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Food Supplies

Volume 439: debated on Wednesday 9 July 1947

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Grocery Licence, Louth

50.

asked the Minister of Food why a greengrocery licence has been refused to Mr. Lloyd Abbott, 23, Newbridge Hill, Louth, who gave up his greengrocery business at Tetney on volunteering for service in 1939, and after serving four years abroad in the Royal Tank Regiment, purchased other premises that were previously used as grocers and general dealers.

Mr. Lloyd Ablott has not applied for a licence to sell greengroceries. His application for a licence to sell groceries and for a catering licence was refused by the local Food Control Committee because they do not consider them necessary to meet consumer need, and because Mr. Ablott is not in the priority class. It is open to him to appeal to the divisional food officer against this decision if he wishes to do so.

Is the hon. Lady aware that this man is now drawing unemployment pay for the first time in his life because of the decision of her Department, and does she think that that is a fair reward for a man who has served for six years?

I find that difficult to understand because on 25th November, 1946, we granted this man a licence to sell chocolate and sugar confectionery.

But is it not a fact that the number of coupons the hon. Lady's Department gave the man was 1,800, which would produce him a profit of exactly 29s. a week, on which he is expected to keep a wife and child?

Royal Agricultural Show, Lincoln (Allocations)

51.

asked the Minister of Food if he is aware of the complaints made by the Mayor of Lincoln about the inadequacy of food supplies for the Royal Agricultural Show; and whether it was a local or a London office decision not to accede to the requests of the mayor for better supplies, prior to the opening of the show.

My right hon. Friend has been advised that in spite of the very large attendance food was available for all those at the show. As my right hon. Friend informed the hon. Member on 18th June, he was satisfied with the arrange- ments made beforehand for supplying food at the show itself and in the shops and that catering establishments were also provided for.

Italian Tomatoes (Prices)

52.

asked the Minister of Food whether he is aware that Italian tomatoes are being imported into this country at 2d. per pound and retailed at the maximum price of 1s. 4d. per pound; and what steps he is taking to prevent this profiteering.

Tomatoes imported into this country from Italy, are brought in on private account and I have no precise information about the price paid by the importer. I understand, however, that the price is about 3d. per lb. packed, f.o.r. The first-hand selling price at Covent Garden is 8d. per lb. for sound fruit, out of which about 2—d. per lb. has to be paid for the cost of transport from Italy. There is also an import duty of 2d. per lb., leaving a balance of 3½d. per lb. to cover the cost of the fruit and all other incidental expenses such as packing, packing materials, selling agency charges and the cost of the container. Whilst the maximum retail selling price is at present 1s. 4d. per lb., I am informed that some retailers are selling at is. per lb. and others at as low as 9d. per lb. The margin has, of course, to cover any wastage of over-ripe fruit, which is high in some cases.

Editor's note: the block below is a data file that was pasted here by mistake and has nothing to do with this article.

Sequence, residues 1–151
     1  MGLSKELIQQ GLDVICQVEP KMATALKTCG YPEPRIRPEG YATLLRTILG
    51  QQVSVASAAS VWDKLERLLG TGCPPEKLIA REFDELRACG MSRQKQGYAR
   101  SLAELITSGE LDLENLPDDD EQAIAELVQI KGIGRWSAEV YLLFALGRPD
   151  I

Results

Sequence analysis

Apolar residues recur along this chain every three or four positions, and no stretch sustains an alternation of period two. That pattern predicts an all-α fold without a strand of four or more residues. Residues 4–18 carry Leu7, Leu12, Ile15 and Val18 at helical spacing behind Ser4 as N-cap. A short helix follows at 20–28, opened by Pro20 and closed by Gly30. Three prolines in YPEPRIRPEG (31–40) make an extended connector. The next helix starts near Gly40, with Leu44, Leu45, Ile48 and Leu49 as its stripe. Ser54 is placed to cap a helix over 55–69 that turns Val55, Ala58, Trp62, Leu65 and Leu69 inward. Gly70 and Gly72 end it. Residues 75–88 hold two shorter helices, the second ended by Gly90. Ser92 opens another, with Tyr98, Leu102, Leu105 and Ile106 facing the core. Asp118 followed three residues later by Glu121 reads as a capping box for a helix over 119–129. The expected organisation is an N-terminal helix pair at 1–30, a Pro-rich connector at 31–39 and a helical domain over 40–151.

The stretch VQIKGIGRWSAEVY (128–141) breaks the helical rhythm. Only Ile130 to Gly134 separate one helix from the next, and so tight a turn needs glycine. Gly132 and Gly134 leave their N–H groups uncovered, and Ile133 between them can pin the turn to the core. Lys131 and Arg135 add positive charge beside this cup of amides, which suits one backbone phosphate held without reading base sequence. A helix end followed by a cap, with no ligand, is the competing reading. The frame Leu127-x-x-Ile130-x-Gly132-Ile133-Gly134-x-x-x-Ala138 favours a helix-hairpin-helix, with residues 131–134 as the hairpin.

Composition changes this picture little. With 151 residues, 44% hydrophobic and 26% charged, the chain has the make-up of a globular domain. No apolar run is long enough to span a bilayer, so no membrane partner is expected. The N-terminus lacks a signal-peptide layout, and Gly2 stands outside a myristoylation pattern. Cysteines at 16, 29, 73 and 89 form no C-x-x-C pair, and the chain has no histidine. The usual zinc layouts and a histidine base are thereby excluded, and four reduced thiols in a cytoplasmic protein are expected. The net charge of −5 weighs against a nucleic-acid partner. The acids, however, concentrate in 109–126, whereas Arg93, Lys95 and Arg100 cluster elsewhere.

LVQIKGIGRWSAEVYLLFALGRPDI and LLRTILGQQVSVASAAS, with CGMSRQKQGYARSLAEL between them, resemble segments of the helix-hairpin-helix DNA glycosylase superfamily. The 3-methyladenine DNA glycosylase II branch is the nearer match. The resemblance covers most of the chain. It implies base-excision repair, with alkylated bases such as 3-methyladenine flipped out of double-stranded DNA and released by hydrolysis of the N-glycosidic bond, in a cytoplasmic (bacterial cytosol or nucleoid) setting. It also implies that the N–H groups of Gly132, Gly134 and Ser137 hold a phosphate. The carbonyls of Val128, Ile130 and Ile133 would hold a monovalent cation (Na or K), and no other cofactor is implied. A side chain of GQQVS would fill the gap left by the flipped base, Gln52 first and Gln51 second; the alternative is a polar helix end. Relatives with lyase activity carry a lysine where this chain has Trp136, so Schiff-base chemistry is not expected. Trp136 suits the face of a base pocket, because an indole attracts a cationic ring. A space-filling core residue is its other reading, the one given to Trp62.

May I ask the hon. Lady whether she is aware that the tomatoes were being brought here at the end of last week at between 2d. to 4d. a lb.? Whatever one may think of maximum prices when there is scarcity, it is not generally agreed that when there is a glut or a comparative glut is the time to take maximum prices off, because they at once become minimum prices?

I agree with my hon. Friend. I have explained to the House that that has been our policy in the past. These prices will be reduced on 14th July, but we must bear in mind that "maximum prices" does not mean "minimum prices."

Do I understand the hon. Lady to say that maximum prices are to be reduced?

Will the Minister explain why there is an import duty on these tomatoes?

May I ask the hon. Lady whether she can review the whole of this question of tomatoes? There are far too many speculators in a business where there are many reputable people. A review would be good for the trade and would sort it out.

If the hon. Gentleman will give me the names I will look into the matter.

Colonies (Civil Aviation Routes)

53.

asked the Secretary of State for the Colonies what replies have been received from Colonial Governments to his inquiry whether they would wish, under the terms of Article 5 of the Convention on International Civil Aviation concluded at Chicago in 1944, to prescribe routes to be followed by civil aircraft over their territories; and what action he proposes to take in this matter.

I regret that my reply to the hon. Member on 7th May was likely to be misleading. So far, I have consulted Colonial Governments only in regard to the routes to be followed by scheduled international air services and not in regard to the action to be taken under Article 5 of the Chicago Convention. I am advised that it is desirable that where routes are prescribed they should fit into the air traffic control pattern to be established in the areas concerned. I am in communication with my noble Friend the Minister of Civil Aviation, with regard to the air traffic control pattern to be established in the Colonial areas concerned, and I propose to defer further communication with Colonial Governments on the subject until decisions are reached on the question of air traffic control.